- incentive-based payments and bonuses
- monetary allowances
- overtime or penalty rates
- any other separately identifiable amounts.
The intention is that employees taking paid FDV leave will receive the same remuneration they would have received had they not taken the leave, as far as possible.
What notice does an employee need to give their employer when they are accessing paid FDV leave?
An employee must:
- give the employer notice of the taking of leave, as soon as practicable (which may be a time after the leave has started); and
- advise the employer of the period, or expected period, of the leave.
What evidence does an employee need to give to the employer?
An employee must, if required by the employer, give evidence that would satisfy a reasonable person that they have met the eligibility requirements (as outlined above) for the taking of paid FDV leave.
What are the confidentiality requirements?
Employers must take steps to ensure that information concerning notice or evidence given by an employee for the purposes of taking paid FDV leave is treated confidentially, as far as reasonably practicable.
An employer must not, unless the employee consents, use the information for a purpose other than to confirm that the employee meets the eligibility requirements for the leave.
An employer is not prevented from dealing with information provided by an employee if doing so is required by an Australian law or is necessary to protect the life, health or safety of the employee or another person.
New pay slip requirements for paid FDV leave
The Government plans to implement regulations prohibiting employers from including information on pay slips that identify the employee has accessed paid FDV leave. These regulations have not yet been implemented.
When do the new provisions commence?
The new paid FDV leave entitlement will not commence until 1 February 2023 to allow employers to make necessary payroll adjustments and other changes required to prepare for its implementation.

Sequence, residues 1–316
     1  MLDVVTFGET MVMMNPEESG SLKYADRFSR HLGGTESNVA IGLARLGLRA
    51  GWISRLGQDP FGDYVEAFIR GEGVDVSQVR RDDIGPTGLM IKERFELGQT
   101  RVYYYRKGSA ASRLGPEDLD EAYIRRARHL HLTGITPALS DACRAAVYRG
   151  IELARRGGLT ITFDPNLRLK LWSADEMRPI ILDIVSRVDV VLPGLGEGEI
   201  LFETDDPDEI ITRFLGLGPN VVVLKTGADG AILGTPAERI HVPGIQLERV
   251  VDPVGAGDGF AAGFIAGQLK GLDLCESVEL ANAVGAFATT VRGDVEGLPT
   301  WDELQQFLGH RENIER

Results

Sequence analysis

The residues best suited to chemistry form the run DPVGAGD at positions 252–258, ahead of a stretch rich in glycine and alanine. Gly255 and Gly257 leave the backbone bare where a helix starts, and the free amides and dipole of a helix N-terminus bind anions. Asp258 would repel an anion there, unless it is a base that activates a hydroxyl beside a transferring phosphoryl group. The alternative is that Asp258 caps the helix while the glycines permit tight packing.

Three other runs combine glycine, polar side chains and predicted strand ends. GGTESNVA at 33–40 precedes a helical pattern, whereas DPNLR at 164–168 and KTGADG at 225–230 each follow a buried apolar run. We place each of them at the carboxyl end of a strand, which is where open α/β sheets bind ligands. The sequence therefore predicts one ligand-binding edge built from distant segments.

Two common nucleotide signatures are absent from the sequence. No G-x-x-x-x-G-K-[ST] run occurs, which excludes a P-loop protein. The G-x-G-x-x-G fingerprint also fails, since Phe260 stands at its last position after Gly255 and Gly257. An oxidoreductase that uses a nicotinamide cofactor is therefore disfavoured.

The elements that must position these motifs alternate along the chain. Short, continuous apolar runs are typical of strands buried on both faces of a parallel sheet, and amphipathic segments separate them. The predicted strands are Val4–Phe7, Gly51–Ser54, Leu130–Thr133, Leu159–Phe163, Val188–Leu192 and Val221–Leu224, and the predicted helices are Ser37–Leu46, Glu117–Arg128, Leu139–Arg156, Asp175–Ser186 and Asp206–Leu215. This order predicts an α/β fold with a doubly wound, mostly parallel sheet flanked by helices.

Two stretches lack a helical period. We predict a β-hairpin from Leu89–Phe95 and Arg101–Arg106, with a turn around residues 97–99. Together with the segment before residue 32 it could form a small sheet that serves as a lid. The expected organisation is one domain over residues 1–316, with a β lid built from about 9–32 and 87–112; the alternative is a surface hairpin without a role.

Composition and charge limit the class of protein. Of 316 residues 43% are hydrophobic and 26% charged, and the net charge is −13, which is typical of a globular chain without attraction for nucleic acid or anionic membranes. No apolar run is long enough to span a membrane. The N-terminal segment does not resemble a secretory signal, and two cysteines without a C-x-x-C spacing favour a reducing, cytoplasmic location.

Small business employers (employing 14 and less employees) have an extra 6 months to prepare for the new entitlement. The entitlement will not apply to a ‘small business employee’ until 1 August 2023.
The table below explains when the entitlement will apply for existing employees and those who start employment after the amendments come into operation.
Employees employed on or before 1 February 2023
Employees employed after 1 February 2023
Small business employees employed on or before 1 August 2023
Small business employees employed after 1 August 2023
Employees that are employed on or before 1 February 2023 will be entitled to the full 10-day paid FDV leave entitlement from that date. The entitlement will then reset on the anniversary date that they started employment with that employer.
Example: Jane started employment on 1 January 2022. On 1 February 2023, Jane will get the full 10-day entitlement. On 1 January 2024, Jane’s 10-day entitlement will reset.
An employee who is employed after 1 February 2023 will receive the full 10-day entitlement at the start of their employment, and the entitlement will reset on their anniversary date.
Example: Theo starts employment on 1 March 2023. He will receive the 10-day entitlement on his start date, and on 1 March 2024, his 10-day entitlement will reset.
A small business employee employed on or before 1 August 2023 will be entitled to the full 10-day entitlement from that date. The entitlement will reset on their anniversary date.
Example: Chester starts working for his employer on 1 June 2023. He will get the 10-day entitlement from 1 August 2023 and will reset on 1 June 2024.
A small business employee employed after 1 August 2023 will receive the full 10-day entitlement at the start of their employment, and the entitlement will reset on their anniversary date.
For more information on the new NES entitlement, go to New paid family and domestic violence leave - Fair Work Ombudsman